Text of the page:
Every game since has sold its self on 'not having the same hangups as EQ'.. The ones that spring to mind are the ability to solo efectively until the very high levels and a general attitude of 'the customer is always right'.

I suppose they don't have much choice anymore as theres no longer a shortage of MMORPGS out there, they have to try and get the people in and keep them there.. but this current stance really does seem to have caused the genre to loose something along the way.

I've no idea what can be done to bring the future mmorpgs the kind of comunitity that was present in EQ, but I really think that if someone doesn't figure it out fast, we really are doomed to mmorpg after mmorpg comming out, cookie cutter fashon, with little more to offer than flashier graphics.

Anyway. Maybe its a good thing, I'm enjoying EnB at the moment and I fully intend to support it for a little while after it goes live.. the developers have done a great job on it.. However my seemingly endless search for a new gaming mecca after leaving EQ (for good) hasn't ended yet it would appear.


  1. I don't know, I'm finding EnB quite nice compared to EQ. Granted I've always been much more into sci-fi than fantasy, and perhaps EnB is different to EQ because I'm starting early and there are no ubar-twats about, but I'm finding the levelling up and exploring etc of EnB to be genuinely interesting, wheras in EQ the mindless tedium drove me to cancel me sub just after getting to level 7.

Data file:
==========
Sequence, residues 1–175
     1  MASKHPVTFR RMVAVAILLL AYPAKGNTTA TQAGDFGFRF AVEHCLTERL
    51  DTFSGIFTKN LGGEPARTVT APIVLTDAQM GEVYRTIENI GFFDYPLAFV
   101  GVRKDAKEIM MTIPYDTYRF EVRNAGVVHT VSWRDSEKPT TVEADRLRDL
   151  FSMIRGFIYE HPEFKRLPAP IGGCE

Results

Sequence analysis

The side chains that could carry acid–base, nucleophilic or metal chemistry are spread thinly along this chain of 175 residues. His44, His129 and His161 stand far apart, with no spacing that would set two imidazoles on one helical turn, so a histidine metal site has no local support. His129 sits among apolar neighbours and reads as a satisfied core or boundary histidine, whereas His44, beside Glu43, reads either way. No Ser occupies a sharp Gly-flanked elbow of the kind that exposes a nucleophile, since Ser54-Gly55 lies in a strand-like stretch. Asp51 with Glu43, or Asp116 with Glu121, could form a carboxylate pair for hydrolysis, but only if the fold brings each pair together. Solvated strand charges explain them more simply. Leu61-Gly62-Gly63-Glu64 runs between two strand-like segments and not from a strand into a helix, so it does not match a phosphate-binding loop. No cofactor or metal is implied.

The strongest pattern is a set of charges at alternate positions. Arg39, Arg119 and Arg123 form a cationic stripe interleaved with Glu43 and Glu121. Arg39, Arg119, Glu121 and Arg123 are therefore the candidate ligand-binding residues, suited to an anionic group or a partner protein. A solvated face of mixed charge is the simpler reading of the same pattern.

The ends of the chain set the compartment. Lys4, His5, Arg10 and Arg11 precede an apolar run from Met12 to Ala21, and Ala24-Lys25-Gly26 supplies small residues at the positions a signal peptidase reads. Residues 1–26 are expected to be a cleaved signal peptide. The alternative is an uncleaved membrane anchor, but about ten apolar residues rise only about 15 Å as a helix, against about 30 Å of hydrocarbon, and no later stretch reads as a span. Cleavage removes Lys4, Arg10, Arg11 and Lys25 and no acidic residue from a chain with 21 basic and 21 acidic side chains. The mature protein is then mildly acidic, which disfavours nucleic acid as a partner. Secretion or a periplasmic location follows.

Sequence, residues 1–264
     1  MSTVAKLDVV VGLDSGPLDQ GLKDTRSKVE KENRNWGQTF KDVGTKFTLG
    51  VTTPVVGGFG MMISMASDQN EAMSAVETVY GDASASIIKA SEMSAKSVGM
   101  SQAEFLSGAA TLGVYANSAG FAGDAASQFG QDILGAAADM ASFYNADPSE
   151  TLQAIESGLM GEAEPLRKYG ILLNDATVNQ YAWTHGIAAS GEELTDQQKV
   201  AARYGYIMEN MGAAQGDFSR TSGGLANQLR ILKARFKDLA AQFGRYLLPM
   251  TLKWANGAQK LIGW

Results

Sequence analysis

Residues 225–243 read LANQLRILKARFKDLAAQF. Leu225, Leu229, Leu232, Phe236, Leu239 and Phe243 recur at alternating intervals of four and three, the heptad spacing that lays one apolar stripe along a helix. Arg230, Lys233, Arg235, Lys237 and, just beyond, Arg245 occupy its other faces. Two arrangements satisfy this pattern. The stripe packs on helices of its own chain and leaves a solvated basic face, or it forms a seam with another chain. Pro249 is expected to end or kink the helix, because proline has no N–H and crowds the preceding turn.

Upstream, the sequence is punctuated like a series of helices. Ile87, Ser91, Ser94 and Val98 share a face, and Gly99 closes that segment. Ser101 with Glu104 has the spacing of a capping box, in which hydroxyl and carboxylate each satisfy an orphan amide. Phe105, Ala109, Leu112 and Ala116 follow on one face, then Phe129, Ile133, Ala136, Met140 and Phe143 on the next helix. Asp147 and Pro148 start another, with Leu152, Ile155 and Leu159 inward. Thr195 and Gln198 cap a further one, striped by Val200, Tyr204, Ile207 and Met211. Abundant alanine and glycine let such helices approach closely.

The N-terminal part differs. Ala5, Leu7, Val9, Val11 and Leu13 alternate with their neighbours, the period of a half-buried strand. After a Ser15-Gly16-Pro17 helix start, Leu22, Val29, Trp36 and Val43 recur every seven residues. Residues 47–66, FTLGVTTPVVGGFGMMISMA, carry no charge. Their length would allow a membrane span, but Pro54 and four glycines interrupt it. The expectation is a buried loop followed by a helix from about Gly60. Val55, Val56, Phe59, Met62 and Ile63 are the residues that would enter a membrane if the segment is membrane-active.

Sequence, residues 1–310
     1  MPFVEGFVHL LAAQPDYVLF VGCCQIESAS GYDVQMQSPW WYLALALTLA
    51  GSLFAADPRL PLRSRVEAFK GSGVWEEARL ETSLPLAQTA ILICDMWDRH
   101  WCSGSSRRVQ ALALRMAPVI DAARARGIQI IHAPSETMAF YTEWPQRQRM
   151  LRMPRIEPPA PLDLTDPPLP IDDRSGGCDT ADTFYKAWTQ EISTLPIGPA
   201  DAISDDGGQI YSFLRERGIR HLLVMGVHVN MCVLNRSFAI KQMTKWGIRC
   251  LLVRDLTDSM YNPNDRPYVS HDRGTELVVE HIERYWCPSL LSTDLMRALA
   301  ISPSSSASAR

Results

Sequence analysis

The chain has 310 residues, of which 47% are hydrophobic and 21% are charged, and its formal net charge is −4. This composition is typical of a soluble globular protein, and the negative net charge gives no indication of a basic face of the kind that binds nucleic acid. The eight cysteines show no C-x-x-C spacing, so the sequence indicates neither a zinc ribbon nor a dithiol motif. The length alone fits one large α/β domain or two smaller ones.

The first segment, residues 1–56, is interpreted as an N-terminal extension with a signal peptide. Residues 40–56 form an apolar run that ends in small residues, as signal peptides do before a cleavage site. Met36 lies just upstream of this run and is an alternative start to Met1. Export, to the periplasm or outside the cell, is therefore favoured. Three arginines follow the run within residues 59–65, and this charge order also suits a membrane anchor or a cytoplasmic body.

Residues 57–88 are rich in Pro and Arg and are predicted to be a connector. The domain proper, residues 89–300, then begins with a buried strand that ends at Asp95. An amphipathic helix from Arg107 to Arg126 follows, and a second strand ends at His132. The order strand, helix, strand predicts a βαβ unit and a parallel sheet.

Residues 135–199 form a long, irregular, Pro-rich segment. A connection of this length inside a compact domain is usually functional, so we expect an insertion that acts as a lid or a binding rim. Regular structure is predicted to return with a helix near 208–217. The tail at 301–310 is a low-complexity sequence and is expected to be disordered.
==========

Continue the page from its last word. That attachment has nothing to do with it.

2. in fairness, very few of the clan actualy played EQ.. tho a few did log in for a day or two and bleat constantly. Playing EQ to level 7 is like playing CS to the loading screen then deciding its a bit dull.

  3. I don't buy this whole idea that you should have to play for ages in order to experience the 'real' game - that's just astoundingly shoddy game design. Obviously you need rewards and new things for long-term players to keep them interested, but it seems that many MMORPGs do this at the expense of the early game - which is, as Muz says, utterly tedious.Frankly it annoys me a bit that MMORPG devotees jump up and down about how you need to invest so much time in the game before you can 'judge' it. Fuck off - there are countless excellent games released every year. Why should anyone plough time into a game that has no immediate hook or attraction?